A small garden pond gives this song thrush somewhere to bathe and drink.
Image source: Ondrej Prosicky

By making just a few small changes to the way you garden, you’ll really help native wildlife to thrive. To get you started, here’s some expert advice courtesy of some of the best gardeners and bloggers we’ve found – tips to make your garden more wildlife-friendly.

Planning

Plan hedgehog highways as part of your garden design.
Image source: Colin Robert Varndell

Begin by asking: “what does the wildlife need?” says Brian of Brian’s Birding Blog. To answer the question, think about basics like food, water, shelter, and safety. By planning your garden around the building blocks of survival, your garden will be nature-friendly by design.

That’s a sentiment with which Nic of Dogwood Days wholeheartedly agrees – an attitude she inherited from her father who always says:

The garden is an extension of the wider landscape in terms of its links to nature – the birds, insects and animals.

But too often, we design our gardens with privacy in mind without thinking about how our wild visitors will get about. With a little thought, hedgehog-loving Adam of My Life Outside says that’s easily fixed:

By creating hedgehog highways through our gardens we can join up vast swathes of land and give these fabulous creatures a fighting chance.

So get together with your neighbours and create animal corridors by “lifting a fence panel a few inches, cutting a hole through wire netting or drilling through boundary walls.”

And do remember to provide a water source – an oasis for living creatures. As Brian says, installing a pond “gives the birds another food source and somewhere to bathe and drink,” and as Dave of Why Watch Wildlife adds “A source of fresh, clean water is good for invertebrates [and] amphibians.”

Housing

This nest box is a safe haven for blue tits to raise their young.
Image source: Erni

Now your garden works for wildlife, where will it live? Wildlife expert Dan Rouse is a passionate advocate of “messy zones” which she says can be a simple as “a small piece of old carpet and some bricks behind the shed” – the perfect hidey hole for insects and shy creatures like slow worms. She also says:

Nest spaces or nesting boxes and roosting boxes are fundamental for wildlife to survive.

But it’s not just birds who need high vantage points, it’s bugs and beasties too, as Bill at Frodsham Marsh Bird Blog points out. His garden features a tree whose “winding twisted trunk and small branches hold a selection of brightly painted bean cans which have been filled with a variety of fibre material”.

And don’t forget to make spaces for “lone fliers” to hang out – Bill says a couple of catering size cans fitted with a wooden plug and drilled with holes make ideal accommodation:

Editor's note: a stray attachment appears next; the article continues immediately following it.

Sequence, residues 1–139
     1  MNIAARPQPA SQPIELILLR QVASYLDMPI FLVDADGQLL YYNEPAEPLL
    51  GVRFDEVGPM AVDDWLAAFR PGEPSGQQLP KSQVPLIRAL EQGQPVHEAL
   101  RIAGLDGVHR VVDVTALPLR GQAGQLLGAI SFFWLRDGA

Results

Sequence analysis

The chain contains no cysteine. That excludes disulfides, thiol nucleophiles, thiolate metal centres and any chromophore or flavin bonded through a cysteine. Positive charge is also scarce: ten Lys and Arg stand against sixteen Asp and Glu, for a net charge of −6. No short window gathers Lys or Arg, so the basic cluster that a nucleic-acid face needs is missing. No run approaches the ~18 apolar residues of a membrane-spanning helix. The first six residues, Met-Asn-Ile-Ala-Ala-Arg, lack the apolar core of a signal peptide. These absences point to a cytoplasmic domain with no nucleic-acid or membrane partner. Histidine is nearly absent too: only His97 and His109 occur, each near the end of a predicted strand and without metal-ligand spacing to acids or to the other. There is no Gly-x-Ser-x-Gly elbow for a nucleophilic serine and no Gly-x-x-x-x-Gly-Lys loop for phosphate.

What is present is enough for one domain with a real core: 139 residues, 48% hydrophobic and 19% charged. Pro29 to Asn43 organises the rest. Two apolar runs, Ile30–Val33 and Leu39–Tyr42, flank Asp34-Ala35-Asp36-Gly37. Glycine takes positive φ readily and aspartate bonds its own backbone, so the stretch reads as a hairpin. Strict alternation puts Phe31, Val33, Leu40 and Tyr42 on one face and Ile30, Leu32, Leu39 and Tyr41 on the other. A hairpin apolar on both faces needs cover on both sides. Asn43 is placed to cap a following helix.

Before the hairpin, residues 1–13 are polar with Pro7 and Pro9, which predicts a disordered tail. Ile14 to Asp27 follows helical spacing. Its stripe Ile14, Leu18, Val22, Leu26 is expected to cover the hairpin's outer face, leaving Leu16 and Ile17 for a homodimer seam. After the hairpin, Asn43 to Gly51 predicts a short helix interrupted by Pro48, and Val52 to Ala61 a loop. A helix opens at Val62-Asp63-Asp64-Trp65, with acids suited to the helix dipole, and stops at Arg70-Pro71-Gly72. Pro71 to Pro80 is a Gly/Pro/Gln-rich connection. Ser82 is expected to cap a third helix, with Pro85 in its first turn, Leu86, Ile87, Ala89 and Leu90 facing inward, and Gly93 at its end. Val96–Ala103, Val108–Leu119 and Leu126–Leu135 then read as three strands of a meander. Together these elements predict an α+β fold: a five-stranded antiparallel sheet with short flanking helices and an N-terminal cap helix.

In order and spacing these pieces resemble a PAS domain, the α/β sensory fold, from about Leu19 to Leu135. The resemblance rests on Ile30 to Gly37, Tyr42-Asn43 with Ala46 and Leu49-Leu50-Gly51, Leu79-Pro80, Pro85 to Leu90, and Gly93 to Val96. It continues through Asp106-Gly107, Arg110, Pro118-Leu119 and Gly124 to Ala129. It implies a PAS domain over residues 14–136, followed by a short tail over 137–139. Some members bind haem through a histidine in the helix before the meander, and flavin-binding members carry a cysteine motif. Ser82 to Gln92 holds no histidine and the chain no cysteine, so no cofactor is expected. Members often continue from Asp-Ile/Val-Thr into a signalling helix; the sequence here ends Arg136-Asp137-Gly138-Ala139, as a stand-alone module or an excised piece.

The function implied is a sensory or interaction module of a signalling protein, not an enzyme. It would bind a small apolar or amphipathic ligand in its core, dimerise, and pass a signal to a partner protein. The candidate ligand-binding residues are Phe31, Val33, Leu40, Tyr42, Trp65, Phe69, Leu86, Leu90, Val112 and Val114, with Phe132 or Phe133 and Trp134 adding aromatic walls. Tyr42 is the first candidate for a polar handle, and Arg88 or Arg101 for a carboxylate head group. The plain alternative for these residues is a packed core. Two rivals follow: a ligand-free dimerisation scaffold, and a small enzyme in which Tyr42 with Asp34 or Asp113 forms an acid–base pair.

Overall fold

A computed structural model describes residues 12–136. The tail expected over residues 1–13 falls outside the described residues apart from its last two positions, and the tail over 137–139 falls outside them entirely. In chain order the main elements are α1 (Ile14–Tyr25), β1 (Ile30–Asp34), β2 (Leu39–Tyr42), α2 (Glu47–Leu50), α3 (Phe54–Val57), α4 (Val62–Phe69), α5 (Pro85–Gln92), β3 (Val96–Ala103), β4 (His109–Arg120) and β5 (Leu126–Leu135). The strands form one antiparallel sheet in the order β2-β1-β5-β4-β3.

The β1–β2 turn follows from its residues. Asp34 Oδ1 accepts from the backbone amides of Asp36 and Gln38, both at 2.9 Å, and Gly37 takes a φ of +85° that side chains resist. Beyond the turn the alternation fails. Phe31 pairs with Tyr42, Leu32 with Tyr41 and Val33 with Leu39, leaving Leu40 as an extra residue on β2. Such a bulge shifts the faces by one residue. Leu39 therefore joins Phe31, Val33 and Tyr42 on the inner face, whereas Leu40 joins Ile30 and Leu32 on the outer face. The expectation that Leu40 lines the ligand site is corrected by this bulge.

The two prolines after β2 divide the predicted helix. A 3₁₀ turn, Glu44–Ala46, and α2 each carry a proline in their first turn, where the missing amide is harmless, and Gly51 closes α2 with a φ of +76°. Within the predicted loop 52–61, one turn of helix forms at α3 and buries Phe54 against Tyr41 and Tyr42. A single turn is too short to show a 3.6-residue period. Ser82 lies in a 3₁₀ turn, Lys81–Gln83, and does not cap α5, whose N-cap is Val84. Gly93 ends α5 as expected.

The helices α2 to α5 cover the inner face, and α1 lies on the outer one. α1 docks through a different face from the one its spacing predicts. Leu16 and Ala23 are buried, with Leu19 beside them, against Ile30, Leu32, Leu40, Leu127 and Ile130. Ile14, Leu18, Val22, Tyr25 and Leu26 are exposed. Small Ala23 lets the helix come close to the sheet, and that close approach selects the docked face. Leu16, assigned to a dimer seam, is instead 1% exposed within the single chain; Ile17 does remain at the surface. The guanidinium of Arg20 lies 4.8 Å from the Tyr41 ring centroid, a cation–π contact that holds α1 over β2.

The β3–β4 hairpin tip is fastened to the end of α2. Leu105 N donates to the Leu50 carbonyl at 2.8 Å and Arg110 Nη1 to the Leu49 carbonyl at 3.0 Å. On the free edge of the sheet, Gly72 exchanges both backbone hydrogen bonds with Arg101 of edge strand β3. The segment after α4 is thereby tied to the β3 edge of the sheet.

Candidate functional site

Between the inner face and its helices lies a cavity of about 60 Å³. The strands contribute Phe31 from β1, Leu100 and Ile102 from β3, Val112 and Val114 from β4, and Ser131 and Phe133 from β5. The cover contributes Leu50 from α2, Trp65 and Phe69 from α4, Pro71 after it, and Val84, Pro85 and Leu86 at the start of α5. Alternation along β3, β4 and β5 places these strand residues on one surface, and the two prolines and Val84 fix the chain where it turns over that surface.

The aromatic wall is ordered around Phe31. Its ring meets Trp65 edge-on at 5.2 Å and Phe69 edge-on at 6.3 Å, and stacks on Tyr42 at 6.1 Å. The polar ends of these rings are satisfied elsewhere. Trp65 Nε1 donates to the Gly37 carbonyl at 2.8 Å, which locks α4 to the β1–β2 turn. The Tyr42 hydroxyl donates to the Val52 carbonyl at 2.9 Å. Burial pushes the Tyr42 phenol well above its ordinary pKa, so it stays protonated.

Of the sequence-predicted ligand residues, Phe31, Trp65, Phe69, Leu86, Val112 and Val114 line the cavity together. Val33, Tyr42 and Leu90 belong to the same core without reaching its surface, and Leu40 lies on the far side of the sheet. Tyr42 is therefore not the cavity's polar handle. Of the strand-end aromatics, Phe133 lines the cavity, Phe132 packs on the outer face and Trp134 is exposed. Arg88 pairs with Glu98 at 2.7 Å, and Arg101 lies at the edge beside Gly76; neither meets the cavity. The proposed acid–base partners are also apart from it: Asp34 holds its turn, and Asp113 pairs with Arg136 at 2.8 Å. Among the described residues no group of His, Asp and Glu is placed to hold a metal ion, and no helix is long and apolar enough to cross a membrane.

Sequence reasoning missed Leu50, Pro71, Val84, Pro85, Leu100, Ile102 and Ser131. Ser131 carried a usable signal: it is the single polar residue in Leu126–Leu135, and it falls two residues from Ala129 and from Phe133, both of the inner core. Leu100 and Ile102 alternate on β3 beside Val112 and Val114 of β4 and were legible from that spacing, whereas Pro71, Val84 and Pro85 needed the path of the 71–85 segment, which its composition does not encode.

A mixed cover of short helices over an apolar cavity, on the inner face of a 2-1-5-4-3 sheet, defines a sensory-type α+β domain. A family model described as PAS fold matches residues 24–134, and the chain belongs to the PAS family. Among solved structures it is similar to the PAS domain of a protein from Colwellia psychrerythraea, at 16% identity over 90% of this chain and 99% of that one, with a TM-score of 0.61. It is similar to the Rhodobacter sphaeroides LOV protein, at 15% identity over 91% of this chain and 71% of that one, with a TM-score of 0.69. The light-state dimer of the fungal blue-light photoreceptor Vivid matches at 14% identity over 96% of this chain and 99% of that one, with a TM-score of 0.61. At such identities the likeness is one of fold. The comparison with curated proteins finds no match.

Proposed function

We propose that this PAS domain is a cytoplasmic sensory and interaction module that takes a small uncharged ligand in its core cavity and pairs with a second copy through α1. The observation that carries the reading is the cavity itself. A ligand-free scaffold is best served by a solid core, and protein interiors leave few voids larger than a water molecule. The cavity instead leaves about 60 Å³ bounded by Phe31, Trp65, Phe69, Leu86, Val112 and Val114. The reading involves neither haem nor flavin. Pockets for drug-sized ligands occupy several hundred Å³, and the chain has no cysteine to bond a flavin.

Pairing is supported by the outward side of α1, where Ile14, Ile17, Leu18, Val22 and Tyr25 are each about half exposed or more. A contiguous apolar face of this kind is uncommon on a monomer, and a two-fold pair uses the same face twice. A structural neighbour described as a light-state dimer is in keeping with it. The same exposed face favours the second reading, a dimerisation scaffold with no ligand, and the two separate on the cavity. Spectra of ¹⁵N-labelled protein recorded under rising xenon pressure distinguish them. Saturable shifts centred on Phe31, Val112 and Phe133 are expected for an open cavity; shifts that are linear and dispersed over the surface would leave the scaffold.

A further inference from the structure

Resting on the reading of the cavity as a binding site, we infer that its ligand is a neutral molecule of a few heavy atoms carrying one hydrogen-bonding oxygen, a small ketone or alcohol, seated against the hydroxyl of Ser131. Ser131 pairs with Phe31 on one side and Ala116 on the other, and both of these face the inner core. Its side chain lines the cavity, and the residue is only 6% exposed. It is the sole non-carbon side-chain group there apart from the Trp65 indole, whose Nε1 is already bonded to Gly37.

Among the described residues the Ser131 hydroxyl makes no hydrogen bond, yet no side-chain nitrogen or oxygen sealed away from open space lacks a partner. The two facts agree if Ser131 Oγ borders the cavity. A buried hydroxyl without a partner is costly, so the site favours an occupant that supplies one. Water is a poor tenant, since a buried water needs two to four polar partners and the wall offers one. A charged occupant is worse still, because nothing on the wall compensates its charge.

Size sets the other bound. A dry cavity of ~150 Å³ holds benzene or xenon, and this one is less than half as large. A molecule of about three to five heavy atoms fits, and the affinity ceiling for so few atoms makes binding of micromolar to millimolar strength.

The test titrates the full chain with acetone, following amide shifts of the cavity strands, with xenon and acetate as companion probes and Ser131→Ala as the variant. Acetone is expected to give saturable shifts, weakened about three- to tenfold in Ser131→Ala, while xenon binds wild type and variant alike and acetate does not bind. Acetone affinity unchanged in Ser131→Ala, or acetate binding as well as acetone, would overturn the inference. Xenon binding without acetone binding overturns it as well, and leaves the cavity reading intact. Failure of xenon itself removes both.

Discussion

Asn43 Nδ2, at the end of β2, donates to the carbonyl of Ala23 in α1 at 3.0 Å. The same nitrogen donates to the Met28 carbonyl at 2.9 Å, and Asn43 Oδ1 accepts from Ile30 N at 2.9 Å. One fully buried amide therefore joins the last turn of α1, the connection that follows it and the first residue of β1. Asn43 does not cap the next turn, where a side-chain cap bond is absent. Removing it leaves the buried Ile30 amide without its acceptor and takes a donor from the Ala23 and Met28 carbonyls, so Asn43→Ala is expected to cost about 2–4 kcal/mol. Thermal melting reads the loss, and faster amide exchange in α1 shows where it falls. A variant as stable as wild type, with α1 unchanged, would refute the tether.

Solitary bees can access the interior to live their lives away from predators.

The same goes for dry hogweed stems which, cut to length, can also be used to stuff a tin – but be careful handling the live stuff, Bill says, because the sap can burn your skin. And because more bugs mean more bats fluttering overhead during spring and summer evenings, you’ll need to remember to install a bat box too.

Planting

An apple tree surrounded by wildflowers provides pollen and ground cover.
Image source: DrimaFilm

Look at your garden through the eyes of prospective wildlife visitors. Do you have a tree? If not, maybe consider planting one, or if space is a problem, make existing structures work for birds and insects. Bill (at Frodsham Marsh Bird Blog) whose garden is on the small side says:

The washing line post has Ivy growing up it and now provides thick cover where robin and wren have nested.

Wildlife expert Dan Rouse says using your planting to create layers ensures there’s food for all: “Shrub-like plants like lavender or fuchsia give off a lot of smell and still carry pollen for our pollinators.”

And remember to make sure there’s plenty of ground cover to provide shelter for bugs and food for predators. Dan says:

Smaller plants like ground creeper are great for our insects and small birds to hide in too.

That goes for grass too. Lisa at Edulis Wild Food says to delay mowing until wildflowers growing in it have had chance to bloom: “The bees are grateful for the early food and you realise how diverse your lawn can be if not totally mono-cultured.”

Do you have any wildlife gardening tips you’d like to share? Just head over to our Facebook page and leave us a message – we’d love to hear from you. In the meantime, we’ll leave you with this gem of a tip from Miles at Forager who says it’s not just the wildlife that benefits from wild planting:

Eat your weeds! Bittercress, sow thistle, chickweed, nettles, dandelion are all delicious and nutritious.

Pin It on Pinterest

Share This